Constantly on a quest to make my tresses thicker, healthier and generally more Rapunzel-esque, I road-test new shampoos and conditioners all the time. But very rarely am I blown away by the results. I don’t coo in the same way that I would with a silky new serum, or bemoan reaching the end of a bottle, as when my Lady Danger lipstick gets worn down to the nub.
In part, I blame my haircare disillusionment on the ever-growing cult of wellness, where the lure of "free-from" now has such a hold on consumers that brands are constantly stripping back formulations in order to keep up with the zeitgeist. Now, in some cases, this is great; sodium lauryl sulphate (SLS), a surfactant that gives shampoo its foamy effect and cuts through grease, causes scalp irritation (in my case, weird little itchy bumps), so its removal is a welcome treat. The elimination of silicone, however, is much more questionable because it’s such an ambiguous character.
“Around 30 years ago, when silicones were first introduced into the haircare market, they were criticised for giving a coated feel to the hair and adding build-up that wasn’t easily washed away” explains the Unilever Research & Development team. I ask Adam Reed, L’Oréal Professionnel Editorial Ambassador for more details. He clarifies: “This was a long time ago, when there weren’t many silicones available, and while its adverse reputation wasn’t exactly unwarranted, its continued negativity is contagious.” But, he stresses, “if you look after your hair and cleanse it correctly, you shouldn’t have product build-up in the hair, so there really is nothing to worry about. As long as the right silicones are being used, you should only see a benefit in your haircare regime.”
So what exactly are the benefits of good silicone? “They help to reduce hair’s porosity, which in turn makes it less likely to absorb humidity from the air and styling tools,” says Sam Burnett, Creative Director of Hare & Bone. They’re also a blessing for frizzy hair with split ends, as “silicone can provide a protective layer acting like a shield, it can even sometimes lock in treatments and conditioners,” he tells me. But their real star quality is that they don’t interact with other formula ingredients and don’t affect hair fibres and proteins (e.g. keratin). In other words, “they don’t hinder other treatments that are often done to hair such as colouring, perming, etc.” explains Steve Shiel, Scientific Director of L’Oréal UK.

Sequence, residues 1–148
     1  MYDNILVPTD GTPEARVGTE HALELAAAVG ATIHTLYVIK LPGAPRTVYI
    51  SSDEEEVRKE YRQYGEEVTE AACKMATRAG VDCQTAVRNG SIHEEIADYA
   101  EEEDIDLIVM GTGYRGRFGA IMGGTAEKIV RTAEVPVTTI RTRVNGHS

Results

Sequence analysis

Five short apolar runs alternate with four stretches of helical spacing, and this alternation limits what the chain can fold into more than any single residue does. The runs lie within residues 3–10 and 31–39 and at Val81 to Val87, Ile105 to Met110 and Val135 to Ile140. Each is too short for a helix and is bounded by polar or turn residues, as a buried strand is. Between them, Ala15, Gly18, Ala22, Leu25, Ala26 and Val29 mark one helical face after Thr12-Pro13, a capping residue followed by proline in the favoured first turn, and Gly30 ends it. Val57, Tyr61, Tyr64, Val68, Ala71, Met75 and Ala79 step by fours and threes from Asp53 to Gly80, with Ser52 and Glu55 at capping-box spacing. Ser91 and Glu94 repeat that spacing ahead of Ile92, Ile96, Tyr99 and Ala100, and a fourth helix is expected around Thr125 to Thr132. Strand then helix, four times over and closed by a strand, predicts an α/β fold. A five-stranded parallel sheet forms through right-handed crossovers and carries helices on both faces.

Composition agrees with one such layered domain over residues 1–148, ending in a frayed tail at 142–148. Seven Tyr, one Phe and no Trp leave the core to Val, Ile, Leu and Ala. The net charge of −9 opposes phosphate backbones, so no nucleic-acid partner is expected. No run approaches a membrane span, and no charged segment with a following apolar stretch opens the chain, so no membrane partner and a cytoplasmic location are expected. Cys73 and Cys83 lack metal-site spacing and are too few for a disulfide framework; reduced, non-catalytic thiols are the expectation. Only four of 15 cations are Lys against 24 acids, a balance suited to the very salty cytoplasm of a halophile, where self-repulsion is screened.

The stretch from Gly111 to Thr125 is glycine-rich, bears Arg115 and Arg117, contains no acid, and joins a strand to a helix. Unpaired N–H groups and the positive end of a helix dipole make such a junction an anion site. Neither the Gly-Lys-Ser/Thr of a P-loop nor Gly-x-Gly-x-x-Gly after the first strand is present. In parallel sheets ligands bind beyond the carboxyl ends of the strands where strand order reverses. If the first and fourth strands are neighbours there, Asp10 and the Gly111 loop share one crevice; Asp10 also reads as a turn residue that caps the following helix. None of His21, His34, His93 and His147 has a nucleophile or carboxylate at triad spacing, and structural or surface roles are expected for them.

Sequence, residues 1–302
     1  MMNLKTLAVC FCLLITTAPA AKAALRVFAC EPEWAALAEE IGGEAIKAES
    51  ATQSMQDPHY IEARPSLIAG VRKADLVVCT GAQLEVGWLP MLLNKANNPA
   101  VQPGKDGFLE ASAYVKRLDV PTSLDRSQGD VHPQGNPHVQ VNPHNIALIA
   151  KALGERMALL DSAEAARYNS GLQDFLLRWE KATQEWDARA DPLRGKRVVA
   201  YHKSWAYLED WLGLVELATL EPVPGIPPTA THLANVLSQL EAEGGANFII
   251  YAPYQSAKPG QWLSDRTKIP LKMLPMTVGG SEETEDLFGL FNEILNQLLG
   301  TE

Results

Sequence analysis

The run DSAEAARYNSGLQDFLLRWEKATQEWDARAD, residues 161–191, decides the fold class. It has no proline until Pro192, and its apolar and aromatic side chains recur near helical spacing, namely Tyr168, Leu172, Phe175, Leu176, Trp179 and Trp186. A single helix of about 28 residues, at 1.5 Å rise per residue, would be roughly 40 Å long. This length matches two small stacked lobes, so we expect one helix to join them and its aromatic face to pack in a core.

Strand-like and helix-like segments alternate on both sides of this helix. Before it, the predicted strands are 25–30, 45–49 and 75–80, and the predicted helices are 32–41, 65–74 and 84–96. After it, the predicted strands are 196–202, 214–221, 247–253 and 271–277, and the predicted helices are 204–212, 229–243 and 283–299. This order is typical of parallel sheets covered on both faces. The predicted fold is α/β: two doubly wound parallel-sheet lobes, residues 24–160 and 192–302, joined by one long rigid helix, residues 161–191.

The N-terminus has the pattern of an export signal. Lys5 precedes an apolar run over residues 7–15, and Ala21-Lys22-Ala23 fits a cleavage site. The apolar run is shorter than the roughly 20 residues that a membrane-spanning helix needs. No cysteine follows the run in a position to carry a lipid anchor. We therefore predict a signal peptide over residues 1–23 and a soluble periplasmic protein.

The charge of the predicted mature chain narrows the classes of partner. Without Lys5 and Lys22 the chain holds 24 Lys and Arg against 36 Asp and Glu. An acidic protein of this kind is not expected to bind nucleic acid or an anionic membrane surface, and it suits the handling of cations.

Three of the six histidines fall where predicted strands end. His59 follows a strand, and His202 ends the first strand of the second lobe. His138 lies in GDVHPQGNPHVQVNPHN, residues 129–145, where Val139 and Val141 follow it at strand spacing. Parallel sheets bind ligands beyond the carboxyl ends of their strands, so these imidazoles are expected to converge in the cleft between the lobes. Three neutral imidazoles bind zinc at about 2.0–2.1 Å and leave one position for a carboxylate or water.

However, the crux of the issue is that this is only true for some silicones. Rob Forgione, Director, Bespoke Brands UK, urges caution: “Dimethicones are non-water soluble and turn the external coating of your hair almost into a drinking straw, like hard non-permeable plastic,” he warns me. “The hair becomes strangled, brittle, and is unresponsive to any haircare products or colour. That’s when you need ‘chelating’ – a professional deep-cleansing shampoo to remove the build-up and restore the natural balance of the hair,” he states. The silicones that you don’t need to sidestep include cyclomethicone: “This evaporates and won't leave build-up on your hair. It gives a silky, smooth feel and leaves wet hair with incredible slip. Equally, dimethicone copolyol is a smart choice for thin flyaway hair as it's water-soluble silicone and very lightweight,” says Rob.
It’s not just the type of silicone you need to keep a beady eye on but also the technology that goes into formulating it. Tresemmé, for example, has been continuously studying more than 2,000 types of silicone for over 30 years. “This way, we are able to target different hair needs and provide the right benefits” explains the brand's R&D team. Their latest breakthrough can be found in the new Keratin Smooth range, which cleverly harnesses silicone to smooth hair but allows for natural movability. How? Well, they’ve created nano-silicones. These are tiny particles that form a very thin film which “lubricates the hair fibre for ease of combing without weighing the hair down,” reveals the Unilever R&D team. They’re the equivalent of a sprinkle of sugar vs. a sugar cube: the latter weighs hair down, whereas an even sprinkle of silicone thinly coats strands, giving you that sought-after shiny slip. “We also exploit amino-silicone, which targets the driest areas of the hair fibre and then spreads to create an even coverage” the team reveals. Think of these as tiny magnets that cling onto the driest part of the hair first.
If that wasn’t enough, they also couple their silicones with cationic polymers. These polymers are positively charged and bind to the negatively charged areas of the hair surface to improve lubrication and therefore ease combing. If used in wash-off products, they will be removed at the rinsing stage as they are only needed during wet combing in the shower. If used in leave-on products, they will stay on the hair surface, allowing your brush to sail through strands without breakage. So while it pays to be a label nerd, it’s also wise not to jump on the "natural is cleaner and therefore better" bandwagon. In this case, the newly formulated silicones are perhaps not the big bad wolf of the haircare world, after all.